A thought for food

Food-insecure neighbors find nourishment at local pantries

The United States Department of Agriculture estimates that 31 percent of the country's food supply is thrown away. While the majority of that waste is from homes, one-third is from the retail sector.

Sadly, food waste is considered the single largest component of municipal landfills. But even more agonizing is wondering how much of a dent that food, if rescued, could make in helping the millions of Americans who struggle with hunger.

September is Hunger Action Month, and HCS Family Services in Hinsdale is taking action, making sure rescued food is a primary component of the roughly 600,000 pounds of food it distributes annually through its food pantries in Hinsdale's Memorial Hall and at Anne M. Jeans Elementary School in Willowbrook.

"Close to 70 percent of that food is rescued food," said Stan Cook, executive director of the Hinsdale-based agency. "We provide a real role in helping to rescue food that would otherwise be

thrown into dumpsters."

DuPage County has the second highest hungry population in the state of Illinois, and HCS Family Services has developed a broad network of food rescue partnerships with different retailers, particularly large chain stores like Jewel, Mariano's, Target, Wal-Mart and Whole Foods Market. In collaboration with Northern Illinois Food Bank in Geneva, HCS was recently able to add the retailers Aldi, Costco and Brookhaven to that group.

Village residents are likely familiar with the red HCS delivery truck criss-crossing the community, retrieving the food.

"It drives around five days a week to pick up food, and we've got about nine or 10 volunteers that typically drive that truck," Cook said.

Typically the food is something that is nearing expiration, he said, or items the merchant has decided for some reason to discontinue carrying.

"But it's all perfectly good food," he stressed. "So we can bring it in because we're open four times every week."

Scott Brechtel, manager of the Hinsdale pantry, said the drivers record their activity.

"They leave the store a receipt for how many boxes they've picked up so the store can get credit," Brechtel said. "And then we also key those receipts into Northern Illinois Food Bank so the food bank can report to their corporate."

Nancy LaBreacht, marketing specialist at Whole Foods Market, said her company values responding to the social need.

"Since Whole Foods Market first opened our doors 40 years ago, caring for our environment has been a key part of our core purpose and values," LaBreacht said. "We're proud of our partnership with HCS Family Services. Together, we're bringing perishable and nonperishable food to those in need, and diverting food from the landfill."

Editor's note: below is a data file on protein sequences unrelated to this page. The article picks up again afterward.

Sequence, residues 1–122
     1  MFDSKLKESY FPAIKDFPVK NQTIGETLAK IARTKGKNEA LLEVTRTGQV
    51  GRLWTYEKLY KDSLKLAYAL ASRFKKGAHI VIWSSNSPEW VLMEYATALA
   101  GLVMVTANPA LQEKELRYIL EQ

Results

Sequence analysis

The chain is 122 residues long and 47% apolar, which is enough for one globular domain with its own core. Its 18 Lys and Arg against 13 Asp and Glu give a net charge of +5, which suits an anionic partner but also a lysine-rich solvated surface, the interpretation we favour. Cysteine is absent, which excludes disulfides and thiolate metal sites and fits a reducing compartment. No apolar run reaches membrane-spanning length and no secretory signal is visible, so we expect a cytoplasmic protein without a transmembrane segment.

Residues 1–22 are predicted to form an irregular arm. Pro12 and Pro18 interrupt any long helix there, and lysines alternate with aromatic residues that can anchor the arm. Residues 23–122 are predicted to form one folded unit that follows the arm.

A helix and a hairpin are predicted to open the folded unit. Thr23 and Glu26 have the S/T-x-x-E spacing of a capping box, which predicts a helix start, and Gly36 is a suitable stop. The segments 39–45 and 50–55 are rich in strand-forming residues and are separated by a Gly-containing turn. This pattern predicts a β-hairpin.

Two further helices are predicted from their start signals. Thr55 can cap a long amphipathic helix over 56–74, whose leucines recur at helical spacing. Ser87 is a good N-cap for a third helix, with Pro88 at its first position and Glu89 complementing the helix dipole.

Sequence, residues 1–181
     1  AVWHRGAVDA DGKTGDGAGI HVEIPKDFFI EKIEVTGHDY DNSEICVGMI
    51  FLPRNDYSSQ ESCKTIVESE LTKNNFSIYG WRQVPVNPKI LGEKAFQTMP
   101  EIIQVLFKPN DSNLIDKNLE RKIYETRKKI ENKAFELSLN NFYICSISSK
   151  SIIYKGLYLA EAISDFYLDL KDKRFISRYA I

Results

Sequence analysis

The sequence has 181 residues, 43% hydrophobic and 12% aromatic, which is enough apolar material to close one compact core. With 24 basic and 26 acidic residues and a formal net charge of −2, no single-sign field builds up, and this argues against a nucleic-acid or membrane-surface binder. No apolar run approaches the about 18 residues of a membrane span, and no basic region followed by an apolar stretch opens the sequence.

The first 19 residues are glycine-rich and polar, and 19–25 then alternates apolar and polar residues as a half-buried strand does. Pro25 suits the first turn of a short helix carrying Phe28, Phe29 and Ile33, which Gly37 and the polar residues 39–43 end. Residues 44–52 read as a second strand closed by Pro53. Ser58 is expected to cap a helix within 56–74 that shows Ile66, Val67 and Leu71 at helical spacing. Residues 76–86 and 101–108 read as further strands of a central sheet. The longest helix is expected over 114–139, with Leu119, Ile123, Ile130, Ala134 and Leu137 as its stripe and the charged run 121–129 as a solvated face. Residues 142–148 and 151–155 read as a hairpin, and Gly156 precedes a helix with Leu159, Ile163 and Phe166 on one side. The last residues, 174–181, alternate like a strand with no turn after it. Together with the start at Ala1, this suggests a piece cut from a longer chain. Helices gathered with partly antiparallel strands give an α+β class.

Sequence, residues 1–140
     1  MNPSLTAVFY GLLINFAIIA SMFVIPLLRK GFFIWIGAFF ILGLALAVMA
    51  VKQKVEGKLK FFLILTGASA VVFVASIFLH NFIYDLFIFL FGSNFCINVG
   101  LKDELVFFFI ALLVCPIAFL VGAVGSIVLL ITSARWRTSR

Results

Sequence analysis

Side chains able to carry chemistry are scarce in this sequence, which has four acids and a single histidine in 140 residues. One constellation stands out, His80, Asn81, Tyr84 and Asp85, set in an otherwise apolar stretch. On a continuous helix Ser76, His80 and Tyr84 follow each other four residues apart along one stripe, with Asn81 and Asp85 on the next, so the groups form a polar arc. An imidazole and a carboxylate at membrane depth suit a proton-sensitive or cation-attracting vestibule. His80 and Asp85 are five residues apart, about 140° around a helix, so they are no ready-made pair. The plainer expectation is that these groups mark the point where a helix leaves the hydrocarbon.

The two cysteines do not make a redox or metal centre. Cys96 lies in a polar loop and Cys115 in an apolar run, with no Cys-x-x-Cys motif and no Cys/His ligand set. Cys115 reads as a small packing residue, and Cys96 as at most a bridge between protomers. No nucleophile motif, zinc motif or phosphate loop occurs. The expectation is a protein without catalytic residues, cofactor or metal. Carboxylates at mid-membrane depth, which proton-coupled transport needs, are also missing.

Businesses also host food drives or fundraisers to benefit the pantries.

"We're happy to have the food rescue, but then retailers find different ways to contribute and support us," Cook said.

Homeowners' gardens and local dairies are also vital sources of a pantry's bounty.

"We're always looking for ways to have more healthy, nutritious options for our guests. So we have a produce section, we have a dairy section, and we've started offering milk and eggs to every visitor at every visit," Cook said. "A lot of those things have a limited shelf life, but we can bring it here and distribute it."

The 150 families coming through the two pantries represent 400 to 500 people in need of food. And Cook said pantry visits are up about 30 percent over the last six months.

"It's been increasingly difficult for people to sign up for some of those programs. So we provide helpful access to food for people that may not be able to get into a government program," he said.

Even though Anne M. Jeans closed for the summer, the pantry did not, with so many children in that community depending on the breakfast and lunch programs during the school year.

Above all, Cook said, the volunteers want pantry patrons to feel welcome.

"We want to make sure that the guests who come to our pantry are treated with care and compassion," he said. "We can offer food, but we can also offer emotional reassurance to these people."

Author Bio

Ken Knutson is associate editor of The Hinsdalean